Roof where OCCC prisoner escaped well-known hot spot for incidents

EXCLUSIVE: Roof where prisoner escaped was well-known hot spot for previous incidents [6pm Keoki Kerr report]
Daniel Skelton was arrested Wednesday
Daniel Skelton was arrested Wednesday
OCCC's Annex One
OCCC's Annex One
Roof of OCCC's Annex One
Roof of OCCC's Annex One

KALIHI, OAHU (HawaiiNewsNow) - Oahu Community Correctional Center employees said Thursday prison managers were "well aware" that the roof area where inmate Daniel Skelton made his escape Monday was vulnerable to escapes, since other inmates had gone through a hole in the roof there before.

Sources said the Kalihi prison's surveillance video shows Skelton on the roof of OCCC's Annex One a little after 11 p.m. Sunday, more than six hours before he was discovered missing around 6 a.m. Monday.  He wasn't discovered missing in spite of two head counts during that period, sources said.

Ted Sakai, the Department of Public Safety director who oversees state prisons, would not go into details about the investigation into what happened.

"The reason we do the investigation is so we can get a full and complete and accurate picture of what happened. And all of this is going to be part of the investigation, and that's why I don't want to comment on it," Sakai told reporters Wednesday.

OCCC staff said the restroom and shower area where Skelton crawled out of a hole onto the roof was a well-known escape "hot spot."

In fact, sources said the sergeant on duty the night of the escape had stopped another inmate from sneaking out of the same hole sometime in the last two years, and it had been patched and bolted closed by an inmate work crew under supervision of prison staff.

Sources said inmates have used the same hole to crawl onto the roof of the building and pick up contraband -- including drugs, cell phones, and cigarettes -- which people are able to throw onto the roof because the building is so close to the street.

During numerous shakedowns over the last two years, sources said guards have found prisoners' street clothes hidden in the rafters of Annex One, presumably for inmates to change into before escaping.

There was just one sergeant and one guard -- a recruit new to the job -- at the unit to watch 101 prisoners overnight when Skelton escaped.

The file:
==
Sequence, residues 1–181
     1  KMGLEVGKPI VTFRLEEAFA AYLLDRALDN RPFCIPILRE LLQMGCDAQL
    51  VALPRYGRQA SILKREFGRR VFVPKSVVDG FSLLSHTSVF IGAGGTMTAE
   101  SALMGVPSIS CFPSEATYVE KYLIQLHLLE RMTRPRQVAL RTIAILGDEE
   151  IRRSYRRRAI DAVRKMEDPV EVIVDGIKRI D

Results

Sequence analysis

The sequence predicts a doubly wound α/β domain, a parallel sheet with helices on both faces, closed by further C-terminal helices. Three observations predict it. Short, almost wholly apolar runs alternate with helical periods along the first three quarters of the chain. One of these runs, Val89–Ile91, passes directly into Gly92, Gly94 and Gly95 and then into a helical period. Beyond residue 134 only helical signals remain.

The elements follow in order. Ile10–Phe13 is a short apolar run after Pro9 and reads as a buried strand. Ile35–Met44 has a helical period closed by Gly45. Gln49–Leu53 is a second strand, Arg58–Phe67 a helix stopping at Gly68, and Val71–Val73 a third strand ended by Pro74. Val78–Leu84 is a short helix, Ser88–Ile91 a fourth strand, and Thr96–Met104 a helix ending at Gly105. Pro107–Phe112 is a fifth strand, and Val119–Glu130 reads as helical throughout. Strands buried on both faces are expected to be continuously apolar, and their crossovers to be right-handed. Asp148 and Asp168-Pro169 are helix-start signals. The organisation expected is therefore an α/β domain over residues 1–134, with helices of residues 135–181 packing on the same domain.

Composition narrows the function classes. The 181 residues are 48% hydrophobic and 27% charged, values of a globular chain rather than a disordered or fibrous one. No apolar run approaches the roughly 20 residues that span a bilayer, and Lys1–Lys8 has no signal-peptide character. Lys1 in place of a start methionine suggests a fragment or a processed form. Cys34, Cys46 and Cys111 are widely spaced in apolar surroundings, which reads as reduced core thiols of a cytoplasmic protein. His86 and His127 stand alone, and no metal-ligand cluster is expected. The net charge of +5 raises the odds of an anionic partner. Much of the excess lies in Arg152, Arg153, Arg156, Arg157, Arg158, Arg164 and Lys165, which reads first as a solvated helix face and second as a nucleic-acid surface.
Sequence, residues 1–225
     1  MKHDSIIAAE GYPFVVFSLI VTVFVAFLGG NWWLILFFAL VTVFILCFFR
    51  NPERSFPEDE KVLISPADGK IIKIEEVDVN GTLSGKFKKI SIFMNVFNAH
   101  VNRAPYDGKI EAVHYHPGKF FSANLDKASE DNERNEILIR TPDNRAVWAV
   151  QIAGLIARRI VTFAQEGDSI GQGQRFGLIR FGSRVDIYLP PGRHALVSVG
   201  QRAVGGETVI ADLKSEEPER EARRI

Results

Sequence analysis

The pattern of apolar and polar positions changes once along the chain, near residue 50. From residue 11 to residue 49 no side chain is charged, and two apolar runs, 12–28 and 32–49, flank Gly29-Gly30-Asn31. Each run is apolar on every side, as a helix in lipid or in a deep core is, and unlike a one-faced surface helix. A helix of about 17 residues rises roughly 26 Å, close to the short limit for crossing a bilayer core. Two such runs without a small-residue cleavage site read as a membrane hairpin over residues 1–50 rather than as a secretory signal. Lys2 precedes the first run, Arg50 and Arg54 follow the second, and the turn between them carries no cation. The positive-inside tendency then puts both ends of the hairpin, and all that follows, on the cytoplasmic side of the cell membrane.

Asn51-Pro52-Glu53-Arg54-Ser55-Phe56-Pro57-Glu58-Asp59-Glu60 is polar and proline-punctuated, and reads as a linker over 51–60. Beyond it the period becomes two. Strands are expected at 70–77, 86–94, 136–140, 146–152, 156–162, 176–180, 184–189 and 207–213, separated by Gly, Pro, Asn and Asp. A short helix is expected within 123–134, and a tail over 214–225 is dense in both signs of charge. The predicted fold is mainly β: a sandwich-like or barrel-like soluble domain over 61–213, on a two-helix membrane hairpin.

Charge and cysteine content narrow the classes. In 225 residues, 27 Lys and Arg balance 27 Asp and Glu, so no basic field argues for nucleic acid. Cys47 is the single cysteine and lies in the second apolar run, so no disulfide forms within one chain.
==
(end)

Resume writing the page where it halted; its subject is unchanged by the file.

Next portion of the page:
Sources said that sergeant is known to sleep on the overnight shift because he frequently works several 16-hour shifts in a row, earning extra overtime.

The recruit conducts head counts but the sergeant on duty is responsible to ensure the count is correct, prison officials said.

Sources said the escapee was not discovered missing during a head count around 1:30 or 2 a.m. Monday or during another head count around 3:30 a.m. when the prisoners were served breakfast.

He wasn't discovered missing until around 6 a.m.

Staffers said they warned managers that these higher-level security prisoners would jump and run from the facility several years ago, so OCCC added an armed foot patrol corrections officer who patrols the grounds.

But at night when it's dark, it would be easy to hide and evade that one guard who covers a large area.

It's not clear how Skelton escaped OCCC grounds.  Sources said he did not escape through an open perimeter gate.  Prison officials previously said he did not climb over a 16-foot fence with a razor wire top to leave OCCC grounds.  Some internal gates might have been left open, sources said, but they wouldn't have allowed him to get out of the facility.

There is no alarm system on OCCC's fence, which was installed decades ago, Sakai said.

A security consultant is coming to Hawaii next month to inspect the fencing at all prison facilities, something that was planned long before the escapes Monday, Sakai added.

Sakai said an investigation into the incident could take two to three months to complete.

"We want to be very careful about the evidence we gather.  We want to make sure every possible witness is interviewed," Sakai said. "If any staff is found to be culpable, we need to give them a chance to tell their side of the story.  They're entitled to a hearing if we decide to move forward with charges."

But staffers said management and the department shoulders a lot of the blame for putting higher-risk prisoners in a dorm-like facility that was built to house low-risk inmates on work furlough programs about to be released.

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